Which Sleds Are Best For Children?

There are many sleds available for babies and children. Be sure that you choose the best one by following these safety guidelines.

To most kids, nothing beats a day of sledding after a winter storm. Unfortunately, unsafe or inappropriate equipment results in a significant number of injuries each winter, some of them serious. To ensure your child's sledding day ends in fun memories rather than a trip to the emergency room, follow these guidelines when selecting a child's sled.

The best sled for your child depends on his or her age. For babies and toddlers, pull sleds are the most appropriate. These sleds feature bucket-style seats that surround the child's sides and back for support, and are often padded for comfort. Long tow straps should be securely attached to the front of the sled. Look for a solid base to properly support your child's weight and to avoid tipping over. Most sleds for this age group also come equipped with buckles and/or straps to secure small children into the seat. Be sure these straps can't become tangled with the pull straps of the sled or interfere with its operation. Baby sleds are designed to be pulled only and should never be used as a downhill sled.

Baby sleds are primarily available in either inexpensive plastic models for approximately $20 or less, or higher-end wooden models starting at around $50. Both styles share the same basic safety features. However, plastic models usually sit flat on the ground on a wide molded base to keep the child's hands and feet clear of the sled's operation, while wooden models are raised off the ground on runners for this purpose.

When choosing a sled for an older child, one of the most important features to look for is the ability to steer or stop the direction or movement of the sled. Some sleds have handle bars for control, while others have foot-controlled steering mechanisms and brakes.

The best sleds for this age group should only allow the child to sit forward or kneel when riding - never encourage riding facing downhill or lying down. The sled itself should be very sturdy and shatter-resistant, and be able to adequately support your child's weight. Handholds must be easy to grasp and keep hold of, and multiple passenger sleds should have enough handholds for each rider. Ideally, seats should be padded to absorb any shock while sledding. Tow straps should be securely fastened to the sled and comfortable to use, and any straps used to carry the sled should be clear of its operation.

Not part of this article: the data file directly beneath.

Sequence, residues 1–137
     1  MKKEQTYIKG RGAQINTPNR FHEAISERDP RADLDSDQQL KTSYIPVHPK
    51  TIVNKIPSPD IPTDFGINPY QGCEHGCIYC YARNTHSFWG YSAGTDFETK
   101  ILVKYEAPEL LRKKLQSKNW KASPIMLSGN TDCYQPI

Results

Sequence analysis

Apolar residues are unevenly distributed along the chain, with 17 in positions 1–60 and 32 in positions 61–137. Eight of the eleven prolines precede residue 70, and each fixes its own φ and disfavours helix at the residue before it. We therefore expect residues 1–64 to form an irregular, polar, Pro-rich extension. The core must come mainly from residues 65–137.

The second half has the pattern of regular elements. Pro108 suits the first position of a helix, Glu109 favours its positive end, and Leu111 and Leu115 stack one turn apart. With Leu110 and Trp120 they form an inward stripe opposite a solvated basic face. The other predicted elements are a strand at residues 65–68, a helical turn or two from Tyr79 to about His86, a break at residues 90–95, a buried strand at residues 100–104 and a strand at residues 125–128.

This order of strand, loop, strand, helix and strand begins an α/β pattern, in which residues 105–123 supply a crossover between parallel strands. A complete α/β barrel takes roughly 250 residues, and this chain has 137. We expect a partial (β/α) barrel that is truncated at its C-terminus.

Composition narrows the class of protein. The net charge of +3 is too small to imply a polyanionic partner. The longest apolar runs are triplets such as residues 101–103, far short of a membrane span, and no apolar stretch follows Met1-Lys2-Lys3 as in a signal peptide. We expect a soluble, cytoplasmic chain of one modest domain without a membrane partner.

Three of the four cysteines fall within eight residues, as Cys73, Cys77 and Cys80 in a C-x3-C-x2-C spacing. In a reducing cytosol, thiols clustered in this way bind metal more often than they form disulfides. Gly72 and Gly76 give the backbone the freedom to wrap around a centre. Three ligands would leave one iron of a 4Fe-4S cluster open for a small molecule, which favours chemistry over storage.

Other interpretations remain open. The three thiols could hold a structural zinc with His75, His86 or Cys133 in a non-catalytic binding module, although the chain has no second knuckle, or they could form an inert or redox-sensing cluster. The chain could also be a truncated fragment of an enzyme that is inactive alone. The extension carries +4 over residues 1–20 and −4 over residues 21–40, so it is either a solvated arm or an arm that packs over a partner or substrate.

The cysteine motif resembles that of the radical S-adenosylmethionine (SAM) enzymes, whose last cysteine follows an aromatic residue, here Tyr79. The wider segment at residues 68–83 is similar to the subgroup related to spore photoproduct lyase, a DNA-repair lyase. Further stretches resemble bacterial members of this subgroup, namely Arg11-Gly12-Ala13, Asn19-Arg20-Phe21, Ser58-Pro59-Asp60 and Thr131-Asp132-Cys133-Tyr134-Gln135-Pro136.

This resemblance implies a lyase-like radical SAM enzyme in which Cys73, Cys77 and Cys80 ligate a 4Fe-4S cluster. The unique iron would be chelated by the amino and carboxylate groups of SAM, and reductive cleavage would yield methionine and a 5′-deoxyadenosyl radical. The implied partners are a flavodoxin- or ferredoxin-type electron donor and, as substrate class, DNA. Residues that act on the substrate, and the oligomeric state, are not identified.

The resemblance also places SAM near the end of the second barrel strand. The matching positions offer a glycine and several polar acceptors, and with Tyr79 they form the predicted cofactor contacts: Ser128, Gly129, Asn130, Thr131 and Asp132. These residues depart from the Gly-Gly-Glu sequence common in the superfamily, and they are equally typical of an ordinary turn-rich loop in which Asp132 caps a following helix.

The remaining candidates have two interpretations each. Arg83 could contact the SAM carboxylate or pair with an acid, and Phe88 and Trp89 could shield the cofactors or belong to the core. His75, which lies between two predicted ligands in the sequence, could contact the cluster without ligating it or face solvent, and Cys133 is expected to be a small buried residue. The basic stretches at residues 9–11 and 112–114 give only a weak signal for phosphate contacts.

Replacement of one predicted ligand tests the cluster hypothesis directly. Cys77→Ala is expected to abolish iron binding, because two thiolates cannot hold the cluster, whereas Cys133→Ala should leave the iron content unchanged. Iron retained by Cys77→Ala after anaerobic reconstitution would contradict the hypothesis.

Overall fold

Based on these guidelines, a number of popular sled models are not appropriate for children, primarily due to a lack of steering ability. These include saucers, inner tubes and sled "carpets," long thin strips of plastic that encourage riding downhill face first. However, there are many safe options available in a variety of price ranges and styles.

Inflatable sleds can be among the least expensive, retailing for less than $15 in some cases, but also require sturdy air pumps to use. Inflatable sleds come in many styles, usually resembling other objects such as traditional toboggans, small boats or even jet-skis. Unlike the inner tube variety, some inflatables can be safe when outfitted with the proper safety features listed above. Keep in mind that any inflatable should be designated for snow use - these are made of heavier plastic and are weather and crack-resistant.

Molded plastic sleds begin at around $15, and increase in price based on features and materials used. The more expensive molded sleds feature heavy gauge plastic, metal-reinforced steering and braking, and in some cases, shock-absorbing foam. In some plastic sleds, seats and foot rests feature anti-slip surfaces to avoid sliding off while riding. Plastic toboggan-style sleds come in multiple lengths, so purchase according to the number of riders. Some plastic sleds even have a small steerable ski in the front to guide the sled.

The most expensive sleds are old-fashioned wooden runners, usually mounted on metal rails. These start at about $50 and increase in price based on features and number of riders. While nostalgic, the metal edges on the sleds can be dangerous and should be used carefully.

Today, sleds for children are marketed under so many names and styles that the options can be confusing. By looking for a few basic safety features, however, parents can be assured they are making the best choice for their child, regardless of price range. And remember, the most important safety feature in any sled is proper adult supervision.

© High Speed Ventures 2011